Students conduct Advanced Biology experiments


Kaylee Olson

On the left junior Jeremy Disterhaft takes notes while right, senior Sam Petraszak, rides a stationary bike to test a hypothesis. Petraszak was a test subject for Disterhaft’s Advanced Biology project. “I think they were trying to see if physical activity changes a person’s reflex time,” Petraszak said.

Kaylee Olson, Reporter

Pictured on the left, senior Sam Petraszak tests his reaction time before and after riding the bike. Before and after riding the bike Petraszak had to test his reaction time multiple times to get an average. “We had them test their reaction time then ride on a stationary bike for 45 seconds, and then test the reaction time again,” junior Jeremy Disterhaft said. (Kaylee Olson)
Seniors and juniors in science teacher Dave Reich’s Advanced Biology test their projects. Each lab group had to test multiple subjects to get accurate results. “An advanced science lab class forces students to be creative scientifically and develop (Photo Submitted )

Students in Advanced Biology have been conducting experiments in science teacher Dave Reich’s classroom the past couple weeks. Every year the students conduct experiments that are worth 10 percent of their final grade.

Advanced Biology is an extension of regular sophomore biology because of the extra independent work it is an honors class. The class is offered to all juniors and seniors who passed biology and chemistry or could be taken the same time as chemistry, taught by Reich. 

“Students have to design, run, interpret and write up a large research project. They submit a professional-style paper like a professional scientist submits to a science journal,” Reich said.

Junior Jeremy Disterhaft partnered with senior Landen Sobieski for their experiment. Their experiment was inspired by Reich’s ongoing interest in exercise physiology.

“We were trying to show the correlation between exercise, gender and reaction time,” Disterhaft said.

The students running the experiments have to test many other students to get an accurate representation of data. Disterhaft and Sobieski tested their experiment on several people including senior Sam Petraszak.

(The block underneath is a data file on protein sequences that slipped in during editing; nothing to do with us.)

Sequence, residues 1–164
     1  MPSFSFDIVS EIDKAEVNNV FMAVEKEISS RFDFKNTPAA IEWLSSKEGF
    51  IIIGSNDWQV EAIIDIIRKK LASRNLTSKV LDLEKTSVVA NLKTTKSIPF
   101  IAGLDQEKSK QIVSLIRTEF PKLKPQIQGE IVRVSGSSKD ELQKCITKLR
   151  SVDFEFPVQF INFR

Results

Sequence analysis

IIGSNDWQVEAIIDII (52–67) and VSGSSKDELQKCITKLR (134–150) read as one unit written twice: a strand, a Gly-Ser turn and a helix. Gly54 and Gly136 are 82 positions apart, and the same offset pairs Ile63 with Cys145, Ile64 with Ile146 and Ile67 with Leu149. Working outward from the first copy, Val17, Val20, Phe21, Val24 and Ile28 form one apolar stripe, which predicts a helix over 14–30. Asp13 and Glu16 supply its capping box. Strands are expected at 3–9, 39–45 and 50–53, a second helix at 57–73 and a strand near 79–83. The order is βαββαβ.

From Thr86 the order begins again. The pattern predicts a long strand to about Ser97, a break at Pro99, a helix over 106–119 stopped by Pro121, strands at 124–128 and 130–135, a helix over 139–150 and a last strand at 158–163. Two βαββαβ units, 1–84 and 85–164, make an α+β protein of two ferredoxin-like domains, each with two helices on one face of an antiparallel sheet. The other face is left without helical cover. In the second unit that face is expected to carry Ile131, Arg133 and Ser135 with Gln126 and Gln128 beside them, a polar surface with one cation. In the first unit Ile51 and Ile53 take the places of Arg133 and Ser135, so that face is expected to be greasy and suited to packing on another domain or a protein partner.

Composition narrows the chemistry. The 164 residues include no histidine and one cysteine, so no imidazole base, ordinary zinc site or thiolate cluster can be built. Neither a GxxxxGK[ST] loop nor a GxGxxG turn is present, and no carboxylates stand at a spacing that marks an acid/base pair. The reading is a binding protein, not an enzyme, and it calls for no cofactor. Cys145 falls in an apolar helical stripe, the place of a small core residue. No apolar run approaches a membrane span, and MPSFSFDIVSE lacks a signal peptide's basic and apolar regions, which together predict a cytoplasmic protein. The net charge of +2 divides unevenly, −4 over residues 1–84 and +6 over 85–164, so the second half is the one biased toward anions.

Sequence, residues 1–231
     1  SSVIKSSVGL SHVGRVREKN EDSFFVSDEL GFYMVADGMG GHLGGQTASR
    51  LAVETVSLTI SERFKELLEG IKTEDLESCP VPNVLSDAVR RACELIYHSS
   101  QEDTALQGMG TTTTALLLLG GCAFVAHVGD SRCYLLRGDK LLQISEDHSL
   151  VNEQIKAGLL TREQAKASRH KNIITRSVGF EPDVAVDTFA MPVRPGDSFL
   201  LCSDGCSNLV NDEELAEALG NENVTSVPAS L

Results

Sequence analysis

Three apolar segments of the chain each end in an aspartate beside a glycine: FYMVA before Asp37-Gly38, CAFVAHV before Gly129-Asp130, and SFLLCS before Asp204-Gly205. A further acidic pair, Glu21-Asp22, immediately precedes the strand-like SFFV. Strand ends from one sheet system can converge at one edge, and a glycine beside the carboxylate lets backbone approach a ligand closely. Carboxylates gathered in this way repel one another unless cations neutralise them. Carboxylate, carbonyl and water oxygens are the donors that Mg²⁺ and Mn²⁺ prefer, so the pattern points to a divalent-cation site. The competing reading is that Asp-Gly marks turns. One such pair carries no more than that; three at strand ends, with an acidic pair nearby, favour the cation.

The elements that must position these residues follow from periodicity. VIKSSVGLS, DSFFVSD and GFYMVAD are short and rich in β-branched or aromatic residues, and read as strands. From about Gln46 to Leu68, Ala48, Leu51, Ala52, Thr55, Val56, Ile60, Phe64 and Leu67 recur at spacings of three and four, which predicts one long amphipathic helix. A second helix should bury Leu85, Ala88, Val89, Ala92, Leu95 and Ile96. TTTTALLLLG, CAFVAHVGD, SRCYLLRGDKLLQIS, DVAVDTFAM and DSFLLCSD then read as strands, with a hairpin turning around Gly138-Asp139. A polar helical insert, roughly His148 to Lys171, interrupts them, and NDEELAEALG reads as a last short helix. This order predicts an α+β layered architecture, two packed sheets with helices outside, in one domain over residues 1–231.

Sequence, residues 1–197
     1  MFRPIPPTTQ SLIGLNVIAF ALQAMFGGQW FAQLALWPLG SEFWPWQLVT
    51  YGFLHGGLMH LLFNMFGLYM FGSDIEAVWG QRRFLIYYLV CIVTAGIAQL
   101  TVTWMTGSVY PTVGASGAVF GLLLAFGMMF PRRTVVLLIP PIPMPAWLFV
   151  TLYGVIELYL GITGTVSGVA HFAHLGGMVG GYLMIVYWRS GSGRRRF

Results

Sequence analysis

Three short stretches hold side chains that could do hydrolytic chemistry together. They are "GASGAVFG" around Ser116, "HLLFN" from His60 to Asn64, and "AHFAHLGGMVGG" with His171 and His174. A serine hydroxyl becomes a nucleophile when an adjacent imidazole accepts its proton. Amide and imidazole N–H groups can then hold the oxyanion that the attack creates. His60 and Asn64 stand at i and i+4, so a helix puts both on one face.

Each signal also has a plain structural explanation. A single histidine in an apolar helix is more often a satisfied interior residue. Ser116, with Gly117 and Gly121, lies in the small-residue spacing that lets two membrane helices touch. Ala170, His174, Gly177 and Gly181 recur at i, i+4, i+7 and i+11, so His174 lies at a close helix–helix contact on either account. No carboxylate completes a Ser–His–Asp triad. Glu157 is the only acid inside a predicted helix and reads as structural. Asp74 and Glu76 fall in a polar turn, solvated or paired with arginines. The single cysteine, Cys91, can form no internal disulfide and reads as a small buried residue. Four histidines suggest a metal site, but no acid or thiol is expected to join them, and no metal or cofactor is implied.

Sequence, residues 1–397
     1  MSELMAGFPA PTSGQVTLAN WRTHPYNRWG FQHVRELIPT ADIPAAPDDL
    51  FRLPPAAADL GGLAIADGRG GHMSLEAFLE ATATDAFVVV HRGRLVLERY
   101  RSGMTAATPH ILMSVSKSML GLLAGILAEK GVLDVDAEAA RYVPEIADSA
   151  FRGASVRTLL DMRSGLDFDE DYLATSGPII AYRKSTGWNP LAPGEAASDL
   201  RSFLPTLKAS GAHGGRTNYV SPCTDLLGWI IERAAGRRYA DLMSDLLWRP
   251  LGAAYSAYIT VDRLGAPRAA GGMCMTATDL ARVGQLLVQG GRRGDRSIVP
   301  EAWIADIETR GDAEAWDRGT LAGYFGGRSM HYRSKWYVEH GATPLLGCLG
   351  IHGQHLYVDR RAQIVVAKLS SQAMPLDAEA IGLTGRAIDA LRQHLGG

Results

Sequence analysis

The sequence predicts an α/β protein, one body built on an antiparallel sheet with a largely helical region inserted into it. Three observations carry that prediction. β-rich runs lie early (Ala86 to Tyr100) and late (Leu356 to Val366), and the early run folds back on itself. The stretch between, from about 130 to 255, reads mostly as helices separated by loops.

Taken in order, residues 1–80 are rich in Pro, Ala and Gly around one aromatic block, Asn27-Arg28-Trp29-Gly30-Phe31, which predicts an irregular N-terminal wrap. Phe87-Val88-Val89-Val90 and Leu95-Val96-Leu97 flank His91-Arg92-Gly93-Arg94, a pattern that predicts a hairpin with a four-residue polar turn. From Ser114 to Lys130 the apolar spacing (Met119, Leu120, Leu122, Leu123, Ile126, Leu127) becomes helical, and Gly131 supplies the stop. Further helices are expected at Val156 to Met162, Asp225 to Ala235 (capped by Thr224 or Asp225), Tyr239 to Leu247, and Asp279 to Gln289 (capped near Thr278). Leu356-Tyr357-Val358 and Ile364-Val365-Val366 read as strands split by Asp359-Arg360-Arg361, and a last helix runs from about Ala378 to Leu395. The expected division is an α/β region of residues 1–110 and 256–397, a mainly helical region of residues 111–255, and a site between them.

“For the first part we tested our reflexes by pressing a button when a little light came on,” Petraszak said. “After doing that about four times they would have the test takers get on the aerobic bike and pedal as fast as we could and after about 45 seconds we would have our reflexes tested again.” 

The testing that Disterhaft and Sobieski did proved that exercise lowers the reaction time. 

Seniors Jennifer Schroeder and Abby Werch took a different approach to their project. Instead of testing other students or people in the school, they did their experiment on plants.

“We wanted to do something with plants because we didn’t want to have to worry about people getting quarantined and it was easier to control,” Schroeder said. 

Their experiment still had a connection with the human body. They studied the effects of vitamins and minerals on the human body and wanted to see if they had any impact on plant growth.

“Our experiment was trying to see if there was a benefit to adding certain vitamins and minerals into a plant’s water. We wanted to know if they would benefit the way that humans do, and if there was a way to improve plant growth,” Schroeder said.

After testing Schroder and Werch found that her experiment was inconclusive because all of their plants died.

During the experiment, students could have some data that does not fit their initial hypothesis or the experiment could go completely wrong. 

“One of the important lessons to learn is that science doesn’t always work out the way you think, but that doesn’t mean it’s not good science,” Reich said. “Unexpected outcomes have led to some of the greatest discoveries in science.”

Schroeder said she enjoyed the project and thinks it is crucial for students going to college in the future. 

“I think that it is very important to have a research project in Advanced Bio because if you are going to do any sort of science in your future, you will have to do the same steps. It is good to have experience before college, especially if you are going into research,” Schroeder said